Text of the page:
26. 26. Craig Harbison, “Iconography and Iconology,” in Early Netherlandish Paintings: Rediscovery, Reception, and Research, ed. Bernhard Ridderbos, Anne van Buren, and Hank van Veen (Amsterdam: Amsterdam University Press, 2005), 380; Sixten Ringbom, From Icon to Narrative: The Rise of the Dramatic Close-up in Fifteenth-century Devotional Painting (Doornspijk: Davaco, 1984), 50–51.

  27. 27. James H. Marrow, “Symbol and Meaning in Northern European Art of the Late Middle Ages and the Early Renaissance.” Simiolus: Netherlands Quarterly for the History of Art 16, no. 2/3 (1986): 150–69.

  28. 28. Marrow, “Symbol and Meaning,” 161.

  29. 29. Ringbom, From Icon to Narrative, 12.

  30. 30. Carol J. Purtle, The Marian Paintings of Jan van Eyck (Princeton: Princeton University Press, 1982), xv. For a summary of this debate and its implications, see Reindert Falkenburg, “The Household of the Soul: Conformity in the Mérode Triptych,” in Early Netherlandish Painting at the Crossroads: A Critical Look at Current Methodologies, ed. Maryan Ainsworth (New York: Metropolitan Museum of Art, 2001), 2–17.

  31. 31. Harbison, “Iconography and Iconology,” 401; Jacques Toussaert, Le sentiment religieux en Flandre à la fin du Moyen-Âge (Paris: Plon, 1963).

  32. 32. As the type of the rustic, or vilain, peasants represented the base and the ridiculous. In a fourteenth-century short poem by Jean de de Condé, entitled “Des Vilains et des Courtois,” the rustic epitomizes how not to act, in clear contrast with the virtuous, chivalric knight. See Paul Freedman, Images of the Medieval Peasant (Stanford, Calif.: Stanford University Press, 1999), 133; Stanley Leman Galpin, “Cortois and Vilain: A Study of the Distinctions Made between Them by the French and Provençal Poets of the Twelfth, Thirteenth, and Fourteenth Centuries” (PhD diss., Yale University, 1905), 8–9. Further studies of literary treatments of peasants include Fritz Martini, Das Bauerntum im deutschen Schrifttum von den Anfängen bis zum 16. Jahrhundert (Haale, Germany: M. Niemeyer, 1944), 41–102, 135–213; Hilde Hügli, Der deutsche Bauer im Mittelalter dargestellt nach den deutschen literarischen Quellen vom 11.–15. Jahrhundert (1929; reprint, Nendeln, Liechtenstein: Kraus, 1970); Heide Wunder, “Der dumme und der schlaue Bauer,” in Mentalität und Alltag im Spätmittelalter, ed. Cord Meckseper (Göttingen: Vandenhoeck and Ruprecht, 1985), 34–51; G. G. Coulton, The Medieval Village (Cambridge, 1925; reprint, New York: Dover, 1989), 231–52.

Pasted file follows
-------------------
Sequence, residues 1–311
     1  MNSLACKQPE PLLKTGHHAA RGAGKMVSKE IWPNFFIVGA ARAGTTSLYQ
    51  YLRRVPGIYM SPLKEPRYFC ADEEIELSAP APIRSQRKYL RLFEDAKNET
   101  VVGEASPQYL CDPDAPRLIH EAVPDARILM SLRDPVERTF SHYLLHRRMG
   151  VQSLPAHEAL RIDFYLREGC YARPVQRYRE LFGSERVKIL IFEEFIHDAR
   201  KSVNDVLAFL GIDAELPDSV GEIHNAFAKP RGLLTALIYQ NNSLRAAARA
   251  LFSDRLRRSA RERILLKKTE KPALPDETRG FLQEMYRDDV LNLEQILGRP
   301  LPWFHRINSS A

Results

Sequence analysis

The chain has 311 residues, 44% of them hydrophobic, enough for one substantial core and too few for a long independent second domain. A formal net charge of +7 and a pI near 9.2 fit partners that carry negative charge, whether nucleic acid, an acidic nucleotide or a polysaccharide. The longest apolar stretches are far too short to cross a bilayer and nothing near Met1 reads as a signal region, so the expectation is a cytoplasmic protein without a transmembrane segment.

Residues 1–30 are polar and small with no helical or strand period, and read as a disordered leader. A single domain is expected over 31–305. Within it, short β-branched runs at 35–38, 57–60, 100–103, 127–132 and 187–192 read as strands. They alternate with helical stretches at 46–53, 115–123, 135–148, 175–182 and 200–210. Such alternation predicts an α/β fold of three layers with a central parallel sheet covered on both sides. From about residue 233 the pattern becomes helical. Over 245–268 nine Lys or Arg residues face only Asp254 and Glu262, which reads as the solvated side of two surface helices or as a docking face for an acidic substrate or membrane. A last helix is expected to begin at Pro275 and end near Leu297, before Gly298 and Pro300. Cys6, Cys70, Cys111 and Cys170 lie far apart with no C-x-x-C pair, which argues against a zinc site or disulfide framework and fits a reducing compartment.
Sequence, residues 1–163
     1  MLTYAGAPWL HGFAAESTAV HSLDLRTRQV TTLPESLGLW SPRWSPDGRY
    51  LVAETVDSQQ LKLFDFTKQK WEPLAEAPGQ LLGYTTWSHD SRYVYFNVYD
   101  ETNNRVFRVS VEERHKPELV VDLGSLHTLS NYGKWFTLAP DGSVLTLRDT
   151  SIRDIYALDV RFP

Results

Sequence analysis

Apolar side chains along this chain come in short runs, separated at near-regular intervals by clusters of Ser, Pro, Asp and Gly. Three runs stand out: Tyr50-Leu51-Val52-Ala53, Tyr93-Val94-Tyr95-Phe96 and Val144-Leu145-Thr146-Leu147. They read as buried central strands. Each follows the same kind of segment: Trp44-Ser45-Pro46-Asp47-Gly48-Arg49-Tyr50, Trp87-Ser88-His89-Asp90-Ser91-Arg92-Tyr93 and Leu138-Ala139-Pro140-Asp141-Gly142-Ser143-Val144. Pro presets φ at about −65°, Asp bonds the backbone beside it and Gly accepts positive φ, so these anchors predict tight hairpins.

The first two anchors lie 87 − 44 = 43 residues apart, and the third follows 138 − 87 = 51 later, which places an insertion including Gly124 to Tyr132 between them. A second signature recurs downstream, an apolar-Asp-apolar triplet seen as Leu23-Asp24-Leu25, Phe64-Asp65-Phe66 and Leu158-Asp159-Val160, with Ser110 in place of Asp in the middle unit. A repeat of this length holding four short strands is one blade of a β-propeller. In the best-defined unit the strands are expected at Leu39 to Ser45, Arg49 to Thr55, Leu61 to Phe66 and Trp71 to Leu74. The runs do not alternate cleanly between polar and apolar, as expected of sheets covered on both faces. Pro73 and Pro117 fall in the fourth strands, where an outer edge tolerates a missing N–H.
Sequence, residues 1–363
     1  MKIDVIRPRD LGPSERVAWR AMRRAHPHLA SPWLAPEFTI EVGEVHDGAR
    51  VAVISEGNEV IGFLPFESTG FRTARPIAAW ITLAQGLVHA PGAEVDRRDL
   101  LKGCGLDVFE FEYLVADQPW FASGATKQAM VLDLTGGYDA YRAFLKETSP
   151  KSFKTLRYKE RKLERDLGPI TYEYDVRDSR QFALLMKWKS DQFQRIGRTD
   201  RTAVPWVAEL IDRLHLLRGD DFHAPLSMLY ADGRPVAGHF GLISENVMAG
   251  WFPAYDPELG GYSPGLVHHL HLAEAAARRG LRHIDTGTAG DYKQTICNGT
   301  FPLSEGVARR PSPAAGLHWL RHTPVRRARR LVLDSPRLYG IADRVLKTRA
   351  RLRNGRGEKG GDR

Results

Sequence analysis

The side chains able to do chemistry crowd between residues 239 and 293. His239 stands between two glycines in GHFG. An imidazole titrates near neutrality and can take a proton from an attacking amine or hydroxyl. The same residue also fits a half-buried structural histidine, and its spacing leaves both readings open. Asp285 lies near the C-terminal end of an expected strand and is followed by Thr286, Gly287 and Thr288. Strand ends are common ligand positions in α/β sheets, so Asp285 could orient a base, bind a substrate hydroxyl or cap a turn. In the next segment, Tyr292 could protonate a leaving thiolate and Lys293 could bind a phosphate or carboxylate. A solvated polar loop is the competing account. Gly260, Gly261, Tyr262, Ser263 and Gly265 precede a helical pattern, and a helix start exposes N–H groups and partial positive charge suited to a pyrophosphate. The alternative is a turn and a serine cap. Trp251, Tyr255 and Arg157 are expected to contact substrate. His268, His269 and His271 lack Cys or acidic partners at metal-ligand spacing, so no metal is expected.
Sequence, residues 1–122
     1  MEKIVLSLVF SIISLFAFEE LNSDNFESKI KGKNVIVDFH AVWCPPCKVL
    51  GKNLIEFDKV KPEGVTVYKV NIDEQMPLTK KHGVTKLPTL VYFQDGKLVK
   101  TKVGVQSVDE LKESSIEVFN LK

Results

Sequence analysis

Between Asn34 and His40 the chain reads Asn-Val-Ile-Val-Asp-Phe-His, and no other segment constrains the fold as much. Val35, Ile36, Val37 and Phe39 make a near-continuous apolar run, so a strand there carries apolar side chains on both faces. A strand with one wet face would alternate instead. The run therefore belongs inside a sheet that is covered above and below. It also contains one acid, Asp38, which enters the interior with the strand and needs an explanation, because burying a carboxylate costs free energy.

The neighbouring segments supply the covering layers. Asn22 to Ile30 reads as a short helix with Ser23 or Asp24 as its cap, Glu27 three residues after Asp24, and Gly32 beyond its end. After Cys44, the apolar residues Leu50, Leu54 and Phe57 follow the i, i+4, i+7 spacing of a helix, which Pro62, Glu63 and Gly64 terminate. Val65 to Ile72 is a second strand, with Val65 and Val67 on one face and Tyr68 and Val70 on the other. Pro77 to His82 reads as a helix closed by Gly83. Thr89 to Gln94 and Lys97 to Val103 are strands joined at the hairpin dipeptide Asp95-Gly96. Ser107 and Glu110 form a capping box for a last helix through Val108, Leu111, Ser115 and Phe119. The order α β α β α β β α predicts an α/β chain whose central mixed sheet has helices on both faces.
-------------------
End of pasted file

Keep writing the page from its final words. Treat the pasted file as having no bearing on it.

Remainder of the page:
33. 33. Freedman, Images of the Medieval Peasant, 139.

  34. 34. Freedman, Images of the Medieval Peasant, 140.

  35. 35. A prime example of such humor exists in the German Heinrich Wittenwiler’s poem “Der Ring,” written ca. 1400, which tells the story of the peasant wedding of Betsy Wagglebottom and Berty Dripnose, whose manners, ugliness, and vulgarity are even more amusing because of their attempts to imitate chivalric behavior. See George Fenwick Jones, Wittenwiler’s Ring and the Anonymous Scots Poem Colkelbie Sow (Chapel Hill: University of North Carolina Press, 1956); Keith P. F. Moxey, “Sebald Beham’s Church Anniversary Holidays: Festive Peasants as Instruments of Repressive Humor,” Simiolus: Netherlands Quarterly for the History of Art 12, no. 2/3 (1981–82), 127, https://doi.org/10.2307/3780596.

  36. 36. The increasing ridicule of the peasant in art and literature from the fourteenth through sixteenth centuries is a trend that Walter French ascribes to a greater contrast between city and country than in the earlier Middle Ages. During the high medieval period, the view of rusticity was more frequently also a pleasant one, with poets like Neidhart von Reuental (ca. 1190–1236/37) and Tannhäuser (d. after 1265) contrasting the joys of a natural life in the country with the affectation of courtly life. Increasing hostility toward the peasantry appeared in the manner books of the thirteenth century, which attempted to safely distance the aristocracy and upper classes from the lower classes, particularly by ridiculing the latter’s behavior through drawing parallels with the behavior of the beasts with which they lived and worked. The bliss of uninhibited country life and the satisfying “otherness” of the peasantry for the more elevated elites appeared in a number of fourteenth-century courtly commissions that depict buffoonish peasants laboring or behaving like beasts and fools while nobles leisurely move about their land. See Walter French, “Kulturgeschichtliches in the Fastnachtspiele of Hans Sachs” (PhD diss., Ohio State University, 1918), 15. The popularity of the peasant in chivalric poetry developed particularly into a means of parodying courtly ideals. Humor in the peasant genre was characterized in earlier medieval literature and art by a kind of “double-edged sword . . . while on the one hand mocking aristocratic cultural institutions such as love service, tournaments and feasts, it offered the reader or listener a vicious satire of uncouth manners and obscene sexual conduct attributed to the peasantry.” Moxey, “Sebald Beham’s Church Anniversary Holidays,” 127.